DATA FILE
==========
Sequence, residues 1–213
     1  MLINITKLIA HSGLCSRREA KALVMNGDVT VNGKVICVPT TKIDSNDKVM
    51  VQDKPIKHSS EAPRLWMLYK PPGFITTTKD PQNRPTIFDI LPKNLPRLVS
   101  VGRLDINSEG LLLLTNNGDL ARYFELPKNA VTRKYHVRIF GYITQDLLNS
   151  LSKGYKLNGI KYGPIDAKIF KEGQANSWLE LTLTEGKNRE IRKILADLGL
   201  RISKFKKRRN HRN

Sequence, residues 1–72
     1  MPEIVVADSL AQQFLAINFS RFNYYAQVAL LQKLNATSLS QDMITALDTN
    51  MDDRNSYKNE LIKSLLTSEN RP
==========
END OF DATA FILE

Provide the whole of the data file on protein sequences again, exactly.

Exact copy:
Sequence, residues 1–213
     1  MLINITKLIA HSGLCSRREA KALVMNGDVT VNGKVICVPT TKIDSNDKVM
    51  VQDKPIKHSS EAPRLWMLYK PPGFITTTKD PQNRPTIFDI LPKNLPRLVS
   101  VGRLDINSEG LLLLTNNGDL ARYFELPKNA VTRKYHVRIF GYITQDLLNS
   151  LSKGYKLNGI KYGPIDAKIF KEGQANSWLE LTLTEGKNRE IRKILADLGL
   201  RISKFKKRRN HRN

Sequence, residues 1–72
     1  MPEIVVADSL AQQFLAINFS RFNYYAQVAL LQKLNATSLS QDMITALDTN
    51  MDDRNSYKNE LIKSLLTSEN RP